Monk’s standard “Straight, No Chaser” also enjoys pedal steel and a country electric guitar solo in addition to stride piano. Adams also includes “Gallop’s Gallop” and tells a wonderful story in the Talk Thelonious jacket notes about how he asked Monk if he would play it at a Village Vanguard gig in 1971: Monk, after asking his sax player if he could play it and getting back a doubtful look, asked Adams how it went, with Adams then bravely—and victoriously—vocalizing the entire tune.
Adams ends the album with one studio track, “Ruby, My Dear.”
“I decided to step outside of the concert and give a full production, with four violins and two French horns and full orchestration—which I’ve never done before,” he says. “I don’t have the skills to come up with string arrangements, so I asked Keith Spring of the [frequent NRBQ backing] Whole Wheat Horns to give me the strings and French horn arrangement within the context of my own set-up—and it’s unlike anything I’ve ever done. But it’s something I’ve been working on since I was a teenager.”
Indeed, Adams has always performed Monk tunes in NRBQ, and with the band contributed to Hal Willner’s 1984 Monk tribute album That’s the Way I Feel Now. But he hardly regards Talk Thelonious as either a “live album” per se or a one-shot.
“It’s a recording of my arrangements of this music, and that means everything to me,” he says. “I just think it wasn’t until now that I was ready to do it. Before, it was like I was too inside it or close to it or something. I had to go through it instead of over or around it.”
He observes how his Monk music manuscripts have changed over the years as he’s written out and erased and updated entries “all over the paper.”
“It’s a long process of learning the music,” he notes, comparing it with cosmology: “The more you look, the more there is. There’s no finally ‘getting there’—there’s always the next telescope that comes along and you find more there than you thought there was before.”
But Adams nonetheless came to understand that he was finally ready to tackle Monk’s work.
“He and The Baroness were so kind to me and gave me so much, and I realized in retrospect how much I learned, and that I wasn’t ready until this time to record this music and give something back,” he says. “It comes back to that I’m supposed to do this—to bring the music to some place where it’s alive and breathing. Not classic jazz, necessarily, but coming form me.”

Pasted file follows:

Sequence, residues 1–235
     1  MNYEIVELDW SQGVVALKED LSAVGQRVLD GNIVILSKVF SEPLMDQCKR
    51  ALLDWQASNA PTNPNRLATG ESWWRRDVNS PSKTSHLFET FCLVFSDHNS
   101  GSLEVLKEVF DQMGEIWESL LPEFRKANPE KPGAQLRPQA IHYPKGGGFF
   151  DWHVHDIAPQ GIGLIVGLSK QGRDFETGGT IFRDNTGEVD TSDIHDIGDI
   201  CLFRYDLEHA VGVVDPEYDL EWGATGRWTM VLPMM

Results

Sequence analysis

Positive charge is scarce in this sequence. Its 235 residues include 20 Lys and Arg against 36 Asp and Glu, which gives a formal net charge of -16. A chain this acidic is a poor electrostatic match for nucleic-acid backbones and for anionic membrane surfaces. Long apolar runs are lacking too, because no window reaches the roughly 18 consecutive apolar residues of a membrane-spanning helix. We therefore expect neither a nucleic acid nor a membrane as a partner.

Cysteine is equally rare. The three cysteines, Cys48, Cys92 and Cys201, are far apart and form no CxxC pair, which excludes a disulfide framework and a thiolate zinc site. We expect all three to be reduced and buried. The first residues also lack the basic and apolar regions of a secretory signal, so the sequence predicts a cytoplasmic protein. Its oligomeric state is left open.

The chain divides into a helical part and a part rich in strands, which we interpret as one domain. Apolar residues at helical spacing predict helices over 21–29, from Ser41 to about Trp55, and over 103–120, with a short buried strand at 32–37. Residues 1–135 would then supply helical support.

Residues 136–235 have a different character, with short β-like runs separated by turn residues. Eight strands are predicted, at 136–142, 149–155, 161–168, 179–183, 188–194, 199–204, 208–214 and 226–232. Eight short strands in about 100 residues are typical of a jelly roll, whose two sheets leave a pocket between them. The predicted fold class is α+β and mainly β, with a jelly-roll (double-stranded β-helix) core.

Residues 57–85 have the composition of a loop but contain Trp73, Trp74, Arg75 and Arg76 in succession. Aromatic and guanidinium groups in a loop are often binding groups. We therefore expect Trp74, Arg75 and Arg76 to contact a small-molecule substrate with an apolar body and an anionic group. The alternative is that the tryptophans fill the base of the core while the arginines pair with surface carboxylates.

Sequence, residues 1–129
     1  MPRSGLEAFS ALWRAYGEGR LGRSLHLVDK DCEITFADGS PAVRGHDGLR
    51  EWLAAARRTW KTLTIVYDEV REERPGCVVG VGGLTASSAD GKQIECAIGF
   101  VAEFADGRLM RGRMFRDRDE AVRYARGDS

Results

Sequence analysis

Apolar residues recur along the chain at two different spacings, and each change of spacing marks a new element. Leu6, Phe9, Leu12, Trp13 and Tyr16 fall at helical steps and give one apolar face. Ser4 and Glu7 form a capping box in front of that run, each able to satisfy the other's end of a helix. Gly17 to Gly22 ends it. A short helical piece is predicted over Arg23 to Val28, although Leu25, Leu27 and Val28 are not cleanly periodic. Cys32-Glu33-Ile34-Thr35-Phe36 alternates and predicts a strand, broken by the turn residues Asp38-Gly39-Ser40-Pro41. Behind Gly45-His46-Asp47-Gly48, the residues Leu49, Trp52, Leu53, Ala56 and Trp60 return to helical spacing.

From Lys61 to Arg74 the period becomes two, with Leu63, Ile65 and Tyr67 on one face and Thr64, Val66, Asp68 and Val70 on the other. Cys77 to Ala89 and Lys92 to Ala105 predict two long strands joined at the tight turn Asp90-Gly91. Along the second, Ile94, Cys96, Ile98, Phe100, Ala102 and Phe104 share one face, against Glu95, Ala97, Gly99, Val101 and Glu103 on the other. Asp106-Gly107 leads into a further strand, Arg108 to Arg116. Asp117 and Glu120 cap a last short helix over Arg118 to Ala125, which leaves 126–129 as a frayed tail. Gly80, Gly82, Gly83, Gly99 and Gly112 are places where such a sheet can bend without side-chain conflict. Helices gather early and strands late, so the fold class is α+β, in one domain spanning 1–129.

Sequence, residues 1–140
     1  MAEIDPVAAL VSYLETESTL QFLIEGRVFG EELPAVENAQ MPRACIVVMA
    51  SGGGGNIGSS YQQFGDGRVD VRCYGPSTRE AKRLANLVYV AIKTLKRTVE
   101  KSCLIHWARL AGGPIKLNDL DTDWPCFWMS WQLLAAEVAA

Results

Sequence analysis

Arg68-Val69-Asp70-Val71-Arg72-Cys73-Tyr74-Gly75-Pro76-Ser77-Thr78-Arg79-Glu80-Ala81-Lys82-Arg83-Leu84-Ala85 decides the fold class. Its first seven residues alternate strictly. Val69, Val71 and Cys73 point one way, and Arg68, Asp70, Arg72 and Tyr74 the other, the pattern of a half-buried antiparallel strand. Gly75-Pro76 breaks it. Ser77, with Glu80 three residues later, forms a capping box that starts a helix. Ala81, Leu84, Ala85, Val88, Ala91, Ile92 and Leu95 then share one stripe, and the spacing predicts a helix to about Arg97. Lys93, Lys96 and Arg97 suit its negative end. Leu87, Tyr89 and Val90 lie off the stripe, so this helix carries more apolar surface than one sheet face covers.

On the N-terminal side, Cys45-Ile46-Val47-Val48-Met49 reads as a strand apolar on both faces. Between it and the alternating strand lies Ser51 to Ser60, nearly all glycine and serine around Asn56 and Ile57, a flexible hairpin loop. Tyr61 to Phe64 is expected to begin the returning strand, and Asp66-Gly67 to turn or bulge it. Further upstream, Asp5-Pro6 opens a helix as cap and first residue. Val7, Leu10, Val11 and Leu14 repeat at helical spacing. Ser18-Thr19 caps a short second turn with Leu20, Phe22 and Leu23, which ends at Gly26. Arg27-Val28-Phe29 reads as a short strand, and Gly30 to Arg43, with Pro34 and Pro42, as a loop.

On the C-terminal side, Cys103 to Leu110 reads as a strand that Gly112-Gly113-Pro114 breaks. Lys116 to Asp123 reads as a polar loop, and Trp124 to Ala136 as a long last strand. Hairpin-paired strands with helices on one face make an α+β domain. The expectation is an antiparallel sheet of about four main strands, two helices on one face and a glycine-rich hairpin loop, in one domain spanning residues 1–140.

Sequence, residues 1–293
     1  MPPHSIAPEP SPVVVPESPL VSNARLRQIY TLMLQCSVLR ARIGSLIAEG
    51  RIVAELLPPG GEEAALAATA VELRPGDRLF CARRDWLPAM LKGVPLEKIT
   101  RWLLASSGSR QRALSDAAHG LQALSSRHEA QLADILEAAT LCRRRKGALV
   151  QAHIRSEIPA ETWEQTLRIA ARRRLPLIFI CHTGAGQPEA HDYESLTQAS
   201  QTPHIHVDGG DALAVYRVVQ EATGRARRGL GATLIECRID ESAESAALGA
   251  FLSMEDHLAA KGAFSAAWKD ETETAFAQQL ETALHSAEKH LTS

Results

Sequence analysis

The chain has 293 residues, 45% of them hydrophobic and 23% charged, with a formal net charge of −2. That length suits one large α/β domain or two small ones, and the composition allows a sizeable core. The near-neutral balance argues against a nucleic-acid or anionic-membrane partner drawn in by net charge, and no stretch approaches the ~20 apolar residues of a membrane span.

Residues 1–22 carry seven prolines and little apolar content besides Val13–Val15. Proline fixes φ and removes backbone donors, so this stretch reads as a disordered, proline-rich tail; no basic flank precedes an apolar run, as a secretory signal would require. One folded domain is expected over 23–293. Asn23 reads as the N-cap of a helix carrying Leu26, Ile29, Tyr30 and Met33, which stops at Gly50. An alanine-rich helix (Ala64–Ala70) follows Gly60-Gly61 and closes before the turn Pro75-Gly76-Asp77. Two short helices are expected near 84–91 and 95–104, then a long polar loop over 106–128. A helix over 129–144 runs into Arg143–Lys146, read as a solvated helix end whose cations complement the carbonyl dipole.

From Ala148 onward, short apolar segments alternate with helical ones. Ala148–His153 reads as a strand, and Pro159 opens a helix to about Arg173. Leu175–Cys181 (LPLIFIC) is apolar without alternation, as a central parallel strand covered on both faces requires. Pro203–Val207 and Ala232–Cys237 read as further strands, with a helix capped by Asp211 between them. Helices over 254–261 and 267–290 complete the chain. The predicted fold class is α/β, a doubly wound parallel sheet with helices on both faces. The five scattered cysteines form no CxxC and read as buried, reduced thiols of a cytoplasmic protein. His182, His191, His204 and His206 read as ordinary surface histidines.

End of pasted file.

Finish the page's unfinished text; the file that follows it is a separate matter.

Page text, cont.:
“I once said to him, ‘Your music always gets me tapping my feet and moving,’ and he said, ‘That’s a hell of a compliment.'”
A compliment that The Baroness returned after Monk died.
“Two years after she sent me a package and a letter saying I was the only–in capitals and underlined three times–one to receive one of his hats,” Adams reveals. “I put it in a safe place and never talked about it, but it was the kind of thing that during this project reflected great things that have happened to me that I never truly celebrated.”
He reflects back on his childhood, “just sitting on the floor listening to the radio.”
“Music brought the rest of the world that I couldn’t see in Louisville to me,” he says. “Schools, church and my parents had nothing to do with what I heard coming out of the speakers, like The Coasters and Jimmy Reed. I saw other kinds of culture and people and vibrations and Monk was sort of the ultimate: As soon as I started thinking I knew something about the world, I found something about New York City coming out of this music. Here I was stuck in the Midwest, and it suited me because it was about being yourself and sticking with who you are. I was already getting kicked around in school for not being like everyone else, and he was making his own music and probably took a lot of crap for it–but it was beautiful and positive, and I thought I needed to hear as much of it as possible and be near him as much as possible.”
Adams writes in the jacket notes to Talk Thelonious that now, “after almost 50 years listening, studying, and being spiritually open to this music, I had the pleasure of arranging the way it felt in my soul.”
“I think that Monk’s music, like no other, has certain messages for you,” he concludes. “He expects you to behave with dignity. He reminds you to not be talking any bulls**t behind somebody’s back. And to stay strong, stick with your beliefs without compromise, and above all, be yourself.”
Subscribe to my atombash.com pages and jimbessman.com website and follow me on Twitter @JimBessman!